“They put the belt around his neck. Two of them stood there and the third held the belt,” Fata Japalak recalled.

“They tightened it as much as they wanted. He turned blue. A little later they forced him out of the house. He came back to put his shoes on. He took his shoe, but one of them kicked him, not even letting him put his shoes on,” she said.

This was the last time she saw her husband. She found out later that he had been taken to the Uborak dump. After his body was found, she said that she did not have the strength to go and identify him.

‘They were buried with mechanical diggers’

Adnin Hasic, whose parents were killed when he was 11 years old. Photo: BIRN.

Police inspectors Huso Mehremic and Drazen Pazin were involved in the exhumation of the mass grave at the Sutina cemetery in mid-June 1992.

Pazin said they received the information about the grave from a young man, aged 14 or 15, who had survived the shooting and then survived by hiding in a bush by the River Neretva for several days.

“When those Serbs units started withdrawing, he went out and that was how people found out about the crime. We went to the crime scene immediately,” he recalled.

“A wider area was dug up in an attempt for find more victims, but obviously they had buried them with mechanical diggers. They probably brought them on trucks and put all the corpses in one place,” he added.

The bodies of 88 more victims were exhumed at the Uborak in late August 1992, although Pazin said that they had difficulties digging up the bodies because they were being shelled constantly from positions held by the Yugoslav People’s Army.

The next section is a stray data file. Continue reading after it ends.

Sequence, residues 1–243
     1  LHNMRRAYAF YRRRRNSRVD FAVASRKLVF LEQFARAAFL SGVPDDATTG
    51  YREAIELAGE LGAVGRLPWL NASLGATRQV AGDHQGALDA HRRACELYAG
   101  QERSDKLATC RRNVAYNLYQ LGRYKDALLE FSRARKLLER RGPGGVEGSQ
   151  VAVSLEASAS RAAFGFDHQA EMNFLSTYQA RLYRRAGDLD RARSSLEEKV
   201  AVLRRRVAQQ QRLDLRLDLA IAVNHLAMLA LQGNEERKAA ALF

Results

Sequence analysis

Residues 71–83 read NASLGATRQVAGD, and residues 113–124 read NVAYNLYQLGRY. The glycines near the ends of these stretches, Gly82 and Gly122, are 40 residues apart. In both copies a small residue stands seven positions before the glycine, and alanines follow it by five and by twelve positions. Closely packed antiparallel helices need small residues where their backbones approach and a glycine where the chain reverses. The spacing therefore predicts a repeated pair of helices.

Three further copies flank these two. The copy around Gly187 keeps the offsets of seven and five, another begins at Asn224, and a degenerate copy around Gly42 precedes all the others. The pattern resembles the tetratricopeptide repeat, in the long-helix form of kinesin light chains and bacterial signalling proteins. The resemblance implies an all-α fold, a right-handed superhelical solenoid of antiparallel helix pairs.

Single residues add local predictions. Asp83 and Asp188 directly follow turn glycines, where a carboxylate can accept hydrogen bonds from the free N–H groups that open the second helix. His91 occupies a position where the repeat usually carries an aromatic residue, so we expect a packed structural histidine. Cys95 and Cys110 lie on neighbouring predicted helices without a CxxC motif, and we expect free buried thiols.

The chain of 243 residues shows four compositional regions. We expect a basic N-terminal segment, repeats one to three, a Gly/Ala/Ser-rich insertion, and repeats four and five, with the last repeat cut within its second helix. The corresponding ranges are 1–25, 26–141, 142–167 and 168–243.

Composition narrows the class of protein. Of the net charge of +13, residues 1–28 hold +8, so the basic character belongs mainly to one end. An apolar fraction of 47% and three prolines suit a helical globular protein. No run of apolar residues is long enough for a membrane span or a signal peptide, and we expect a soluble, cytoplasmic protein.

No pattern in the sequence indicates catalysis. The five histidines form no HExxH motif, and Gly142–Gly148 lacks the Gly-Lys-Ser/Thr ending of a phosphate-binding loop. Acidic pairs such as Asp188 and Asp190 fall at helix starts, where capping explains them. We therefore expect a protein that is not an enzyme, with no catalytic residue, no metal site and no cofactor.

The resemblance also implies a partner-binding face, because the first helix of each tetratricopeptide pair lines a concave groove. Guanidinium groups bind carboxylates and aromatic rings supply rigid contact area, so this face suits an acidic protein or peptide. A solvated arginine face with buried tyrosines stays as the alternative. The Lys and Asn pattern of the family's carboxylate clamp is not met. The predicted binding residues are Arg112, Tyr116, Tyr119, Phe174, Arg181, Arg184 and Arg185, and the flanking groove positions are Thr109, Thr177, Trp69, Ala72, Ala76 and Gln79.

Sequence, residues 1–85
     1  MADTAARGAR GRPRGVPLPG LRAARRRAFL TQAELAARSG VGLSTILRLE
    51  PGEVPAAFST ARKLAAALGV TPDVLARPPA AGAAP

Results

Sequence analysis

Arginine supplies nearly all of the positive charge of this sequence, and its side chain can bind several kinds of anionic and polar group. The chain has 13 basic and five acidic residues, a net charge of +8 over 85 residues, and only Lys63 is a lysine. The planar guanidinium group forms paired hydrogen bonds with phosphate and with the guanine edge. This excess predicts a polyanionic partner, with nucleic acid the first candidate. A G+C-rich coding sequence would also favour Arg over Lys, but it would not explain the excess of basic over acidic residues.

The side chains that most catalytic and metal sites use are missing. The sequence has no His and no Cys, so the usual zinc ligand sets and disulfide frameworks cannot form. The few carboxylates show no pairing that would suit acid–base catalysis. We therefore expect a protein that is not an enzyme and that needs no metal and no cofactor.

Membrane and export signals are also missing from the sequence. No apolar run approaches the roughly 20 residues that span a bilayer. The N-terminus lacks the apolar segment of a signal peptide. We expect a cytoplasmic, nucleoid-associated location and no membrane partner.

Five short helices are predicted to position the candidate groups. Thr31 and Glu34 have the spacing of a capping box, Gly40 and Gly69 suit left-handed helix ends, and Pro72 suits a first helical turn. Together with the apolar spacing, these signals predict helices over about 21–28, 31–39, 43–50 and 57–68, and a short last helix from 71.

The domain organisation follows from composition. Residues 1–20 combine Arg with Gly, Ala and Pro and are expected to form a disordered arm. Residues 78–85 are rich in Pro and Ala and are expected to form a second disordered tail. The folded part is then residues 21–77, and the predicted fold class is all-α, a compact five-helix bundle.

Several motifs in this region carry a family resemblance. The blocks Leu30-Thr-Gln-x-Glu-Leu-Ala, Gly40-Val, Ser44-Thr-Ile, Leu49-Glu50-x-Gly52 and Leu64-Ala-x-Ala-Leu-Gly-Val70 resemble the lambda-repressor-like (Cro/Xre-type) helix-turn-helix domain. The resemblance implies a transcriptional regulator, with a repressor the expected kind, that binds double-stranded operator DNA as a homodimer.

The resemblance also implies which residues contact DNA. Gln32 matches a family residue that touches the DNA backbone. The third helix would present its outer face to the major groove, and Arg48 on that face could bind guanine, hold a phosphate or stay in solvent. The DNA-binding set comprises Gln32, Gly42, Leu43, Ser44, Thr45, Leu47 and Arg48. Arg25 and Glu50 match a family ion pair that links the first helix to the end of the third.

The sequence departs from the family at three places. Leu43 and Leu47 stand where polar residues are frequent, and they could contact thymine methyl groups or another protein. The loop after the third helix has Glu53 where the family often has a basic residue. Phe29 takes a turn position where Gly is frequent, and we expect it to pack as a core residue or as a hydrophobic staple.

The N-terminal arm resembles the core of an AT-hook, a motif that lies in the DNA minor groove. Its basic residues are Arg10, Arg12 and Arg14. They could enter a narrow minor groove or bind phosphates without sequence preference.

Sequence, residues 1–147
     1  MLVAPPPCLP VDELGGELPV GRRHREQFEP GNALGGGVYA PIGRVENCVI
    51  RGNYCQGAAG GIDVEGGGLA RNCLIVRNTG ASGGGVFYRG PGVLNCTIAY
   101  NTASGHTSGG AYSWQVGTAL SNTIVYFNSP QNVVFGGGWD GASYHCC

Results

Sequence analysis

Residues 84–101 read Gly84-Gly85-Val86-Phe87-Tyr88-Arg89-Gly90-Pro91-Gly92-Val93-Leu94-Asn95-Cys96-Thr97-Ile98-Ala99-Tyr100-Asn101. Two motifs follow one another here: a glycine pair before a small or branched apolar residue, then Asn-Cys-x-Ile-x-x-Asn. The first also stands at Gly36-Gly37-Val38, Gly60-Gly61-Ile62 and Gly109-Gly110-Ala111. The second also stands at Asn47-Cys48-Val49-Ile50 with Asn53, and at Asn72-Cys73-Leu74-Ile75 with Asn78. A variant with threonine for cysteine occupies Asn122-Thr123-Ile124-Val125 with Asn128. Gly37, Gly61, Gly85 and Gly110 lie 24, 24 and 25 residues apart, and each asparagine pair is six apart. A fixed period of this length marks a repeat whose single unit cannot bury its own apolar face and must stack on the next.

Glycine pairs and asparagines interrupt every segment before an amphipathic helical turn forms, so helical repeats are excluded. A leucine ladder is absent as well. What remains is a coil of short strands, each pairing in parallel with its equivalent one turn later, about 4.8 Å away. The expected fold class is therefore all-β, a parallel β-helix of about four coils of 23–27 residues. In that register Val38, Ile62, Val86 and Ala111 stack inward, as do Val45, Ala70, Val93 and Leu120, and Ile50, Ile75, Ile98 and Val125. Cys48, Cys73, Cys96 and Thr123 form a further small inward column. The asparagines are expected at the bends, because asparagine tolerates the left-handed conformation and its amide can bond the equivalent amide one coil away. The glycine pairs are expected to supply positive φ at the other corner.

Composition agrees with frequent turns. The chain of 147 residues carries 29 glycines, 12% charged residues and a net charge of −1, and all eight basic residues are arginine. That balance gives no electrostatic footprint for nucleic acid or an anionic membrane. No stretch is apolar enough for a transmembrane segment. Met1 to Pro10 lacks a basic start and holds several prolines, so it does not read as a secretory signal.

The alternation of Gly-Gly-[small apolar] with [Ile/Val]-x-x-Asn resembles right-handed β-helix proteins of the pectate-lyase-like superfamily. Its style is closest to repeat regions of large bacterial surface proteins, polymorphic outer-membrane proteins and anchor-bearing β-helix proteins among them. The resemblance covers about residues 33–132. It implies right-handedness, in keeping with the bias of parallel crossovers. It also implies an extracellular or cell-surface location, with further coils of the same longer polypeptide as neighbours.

Pazin filed a criminal report at the time, and the Herzegovina-Neretva Cantonal Prosecution told BIRN that the case was later taken over by the state prosecution. The state prosecution declined to say what stage the investigation is at, and whether any indictments will be filed.

However, survivors and families of victims insist that the perpetrators and masterminds of the crime are known to them. The Hague Tribunal established in its verdict in the trial of Serbian Radical Party leader Vojislav Seselj that in April and June 1992, members of the Serb-led Territorial Defence, paramilitary units and fighters known as Seseljevci (‘Seselj’s Men’) tortured and mistreated prisoners at the Uborak landfill, the Sutina cemetery and FK Lokomotiva Mostar stadium.

Hasic said that many witnesses gave statements right after the war, but they are still waiting to see if anyone will be indicted and put on trial.

“Nearly 30 years have passed since the crimes at Uborak and Sutina. The perpetrators and masterminds have still not been brought to justice,” he said.

“If they file an indictment, if they bring the real perpetrators and masterminds to justice and prosecute them and sentence them, it will give a bit of satisfaction to us, the families of the victims, so we can continue with our lives. We would at least know that those who took the lives of our loved ones have been adequately punished.”

Jasmin Begić


This post is also available in: Bosnian (Bosnian)